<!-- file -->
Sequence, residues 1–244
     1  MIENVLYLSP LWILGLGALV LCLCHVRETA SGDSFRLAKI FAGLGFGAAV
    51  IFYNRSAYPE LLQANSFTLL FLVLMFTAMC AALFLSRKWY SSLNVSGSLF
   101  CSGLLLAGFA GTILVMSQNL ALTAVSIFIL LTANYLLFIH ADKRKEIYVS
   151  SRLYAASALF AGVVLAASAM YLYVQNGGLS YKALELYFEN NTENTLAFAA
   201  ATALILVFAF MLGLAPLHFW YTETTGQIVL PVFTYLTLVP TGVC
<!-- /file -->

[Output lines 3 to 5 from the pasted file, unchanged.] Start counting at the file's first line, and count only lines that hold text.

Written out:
    51  IFYNRSAYPE LLQANSFTLL FLVLMFTAMC AALFLSRKWY SSLNVSGSLF
   101  CSGLLLAGFA GTILVMSQNL ALTAVSIFIL LTANYLLFIH ADKRKEIYVS
   151  SRLYAASALF AGVVLAASAM YLYVQNGGLS YKALELYFEN NTENTLAFAA